The Q&A Archives: Leggy Lilacs

Question: I want to use lilac bushes as a screen at the back of my property. Young lilac bushes have the dense appearance I am looking for, but I've noticed that older lilac bushes tend to get "leggy" and loose their leaves off the bottom half of the plant. Is there a special way that I can prune my young lilac bushes to prevent them from losing their bottom leaves? Should I just give up and start over with another plant?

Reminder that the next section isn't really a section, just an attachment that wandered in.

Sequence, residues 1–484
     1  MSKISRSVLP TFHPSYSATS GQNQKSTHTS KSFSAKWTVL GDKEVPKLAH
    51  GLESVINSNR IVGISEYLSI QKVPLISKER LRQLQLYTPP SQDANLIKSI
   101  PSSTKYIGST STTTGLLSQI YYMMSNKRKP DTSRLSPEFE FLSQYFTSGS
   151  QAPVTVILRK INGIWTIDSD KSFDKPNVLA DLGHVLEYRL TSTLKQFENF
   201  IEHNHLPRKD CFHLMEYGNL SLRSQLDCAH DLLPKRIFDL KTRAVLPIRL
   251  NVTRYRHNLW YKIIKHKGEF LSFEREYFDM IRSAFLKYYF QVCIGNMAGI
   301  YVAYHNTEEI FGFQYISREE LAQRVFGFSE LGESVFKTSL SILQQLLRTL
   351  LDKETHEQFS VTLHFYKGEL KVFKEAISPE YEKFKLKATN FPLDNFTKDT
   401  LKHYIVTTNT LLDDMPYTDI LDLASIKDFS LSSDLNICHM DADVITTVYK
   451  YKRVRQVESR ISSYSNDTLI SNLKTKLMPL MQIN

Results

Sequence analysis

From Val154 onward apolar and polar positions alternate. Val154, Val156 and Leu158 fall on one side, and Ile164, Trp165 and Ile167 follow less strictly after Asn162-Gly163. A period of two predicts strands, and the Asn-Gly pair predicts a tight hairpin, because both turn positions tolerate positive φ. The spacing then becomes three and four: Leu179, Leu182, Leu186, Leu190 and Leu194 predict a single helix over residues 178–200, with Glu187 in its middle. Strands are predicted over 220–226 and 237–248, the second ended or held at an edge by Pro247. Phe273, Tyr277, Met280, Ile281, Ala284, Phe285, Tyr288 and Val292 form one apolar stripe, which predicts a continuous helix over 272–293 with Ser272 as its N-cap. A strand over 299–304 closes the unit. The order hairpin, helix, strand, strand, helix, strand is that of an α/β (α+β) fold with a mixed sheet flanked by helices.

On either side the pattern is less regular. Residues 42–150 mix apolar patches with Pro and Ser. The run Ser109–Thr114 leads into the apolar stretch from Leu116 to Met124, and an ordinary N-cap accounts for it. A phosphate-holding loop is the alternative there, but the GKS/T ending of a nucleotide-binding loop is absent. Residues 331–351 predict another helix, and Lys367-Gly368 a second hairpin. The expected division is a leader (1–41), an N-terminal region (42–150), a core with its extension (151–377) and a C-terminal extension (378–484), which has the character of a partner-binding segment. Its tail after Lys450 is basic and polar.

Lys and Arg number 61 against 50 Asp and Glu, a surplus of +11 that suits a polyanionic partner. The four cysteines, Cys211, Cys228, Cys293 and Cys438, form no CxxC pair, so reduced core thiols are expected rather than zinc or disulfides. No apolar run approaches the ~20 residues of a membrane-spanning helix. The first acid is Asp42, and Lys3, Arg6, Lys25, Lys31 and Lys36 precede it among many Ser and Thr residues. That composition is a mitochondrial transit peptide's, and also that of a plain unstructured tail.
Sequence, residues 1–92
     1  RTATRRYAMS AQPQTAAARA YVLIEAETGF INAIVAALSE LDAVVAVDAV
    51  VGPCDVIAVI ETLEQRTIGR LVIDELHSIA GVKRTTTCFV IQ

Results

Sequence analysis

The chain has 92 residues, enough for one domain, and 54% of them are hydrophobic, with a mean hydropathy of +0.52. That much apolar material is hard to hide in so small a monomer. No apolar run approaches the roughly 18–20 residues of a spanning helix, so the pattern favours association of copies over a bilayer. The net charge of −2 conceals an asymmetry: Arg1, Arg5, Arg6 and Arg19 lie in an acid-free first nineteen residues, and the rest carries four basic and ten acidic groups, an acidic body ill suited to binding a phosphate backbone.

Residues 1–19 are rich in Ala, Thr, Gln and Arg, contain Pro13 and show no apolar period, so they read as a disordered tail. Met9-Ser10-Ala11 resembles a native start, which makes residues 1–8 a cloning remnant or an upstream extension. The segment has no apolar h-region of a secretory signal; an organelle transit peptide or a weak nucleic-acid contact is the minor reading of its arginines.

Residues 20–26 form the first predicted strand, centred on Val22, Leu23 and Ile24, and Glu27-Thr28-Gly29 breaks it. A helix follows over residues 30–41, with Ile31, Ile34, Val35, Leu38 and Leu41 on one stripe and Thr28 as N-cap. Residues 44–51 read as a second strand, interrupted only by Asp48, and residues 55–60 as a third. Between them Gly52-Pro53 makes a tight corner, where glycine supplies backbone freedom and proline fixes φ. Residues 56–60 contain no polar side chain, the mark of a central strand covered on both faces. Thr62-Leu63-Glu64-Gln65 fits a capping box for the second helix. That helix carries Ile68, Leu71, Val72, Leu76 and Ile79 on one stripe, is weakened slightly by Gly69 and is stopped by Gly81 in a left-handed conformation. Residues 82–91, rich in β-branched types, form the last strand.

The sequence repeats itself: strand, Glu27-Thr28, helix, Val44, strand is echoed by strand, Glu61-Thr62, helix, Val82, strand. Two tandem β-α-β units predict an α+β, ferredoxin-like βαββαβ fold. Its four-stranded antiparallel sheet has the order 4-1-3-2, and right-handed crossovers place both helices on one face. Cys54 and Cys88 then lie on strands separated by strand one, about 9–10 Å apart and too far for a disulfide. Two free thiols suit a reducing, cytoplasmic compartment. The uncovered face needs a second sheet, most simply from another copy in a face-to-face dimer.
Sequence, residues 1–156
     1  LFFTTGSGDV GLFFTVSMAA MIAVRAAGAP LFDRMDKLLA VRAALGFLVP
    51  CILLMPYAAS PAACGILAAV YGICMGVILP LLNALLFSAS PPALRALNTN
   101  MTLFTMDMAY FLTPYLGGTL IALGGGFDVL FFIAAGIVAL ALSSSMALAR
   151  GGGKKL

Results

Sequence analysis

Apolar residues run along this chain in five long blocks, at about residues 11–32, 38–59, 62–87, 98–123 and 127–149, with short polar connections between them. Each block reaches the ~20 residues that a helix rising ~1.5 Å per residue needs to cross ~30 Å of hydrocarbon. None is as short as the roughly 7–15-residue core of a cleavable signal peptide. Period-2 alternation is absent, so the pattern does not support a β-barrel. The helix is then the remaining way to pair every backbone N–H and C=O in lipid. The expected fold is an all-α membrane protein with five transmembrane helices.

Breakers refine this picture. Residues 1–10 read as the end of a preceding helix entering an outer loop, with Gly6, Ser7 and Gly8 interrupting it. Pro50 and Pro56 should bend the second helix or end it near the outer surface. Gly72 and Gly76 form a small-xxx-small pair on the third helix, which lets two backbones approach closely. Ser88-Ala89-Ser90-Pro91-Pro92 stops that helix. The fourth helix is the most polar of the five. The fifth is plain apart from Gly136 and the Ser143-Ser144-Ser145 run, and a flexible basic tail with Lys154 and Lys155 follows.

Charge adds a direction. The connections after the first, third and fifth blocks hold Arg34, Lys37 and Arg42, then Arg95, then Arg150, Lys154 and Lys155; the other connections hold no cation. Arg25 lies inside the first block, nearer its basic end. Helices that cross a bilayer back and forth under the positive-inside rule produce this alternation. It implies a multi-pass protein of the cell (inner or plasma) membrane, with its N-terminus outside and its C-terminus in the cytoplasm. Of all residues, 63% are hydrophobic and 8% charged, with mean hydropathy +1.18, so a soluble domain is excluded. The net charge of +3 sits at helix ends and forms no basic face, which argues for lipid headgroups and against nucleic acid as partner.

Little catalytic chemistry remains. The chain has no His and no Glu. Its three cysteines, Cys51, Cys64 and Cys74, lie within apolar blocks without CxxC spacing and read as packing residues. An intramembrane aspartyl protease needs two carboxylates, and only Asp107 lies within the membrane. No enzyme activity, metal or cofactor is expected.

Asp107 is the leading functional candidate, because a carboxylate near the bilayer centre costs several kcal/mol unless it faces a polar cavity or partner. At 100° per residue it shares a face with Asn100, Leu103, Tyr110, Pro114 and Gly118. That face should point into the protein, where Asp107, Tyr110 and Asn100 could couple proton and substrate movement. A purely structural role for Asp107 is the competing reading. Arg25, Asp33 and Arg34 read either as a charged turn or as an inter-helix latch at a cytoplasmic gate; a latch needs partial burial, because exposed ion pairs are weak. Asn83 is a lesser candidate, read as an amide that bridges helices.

Answer: Legginess can be caused by a lack of sunlight. Make sure your lilacs are in full sun and not shaded by surrounding trees. Some die back of older leaves is normal, as the plant's energy will go towards newer growth. Shrubs grow outward from the tip of the branch. The plant produces growth-inhibiting hormones called auxins that it sends back down the branch to prevent other buds from growing. The purpose is to ensure that the plant?s energy supports the tip?s growth. This is called apical dominance. For shrubs, if you want dense branching you need to cut back the growing tips. This halts the production of the auxins and stimulates the development of lateral or side buds. However, you have to prune at the appropriate time so you don?t cut off wood that the shrub will flower on. As a general rule, summer blooming shrubs flower on new growth; spring bloomers flower on last year?s growth.

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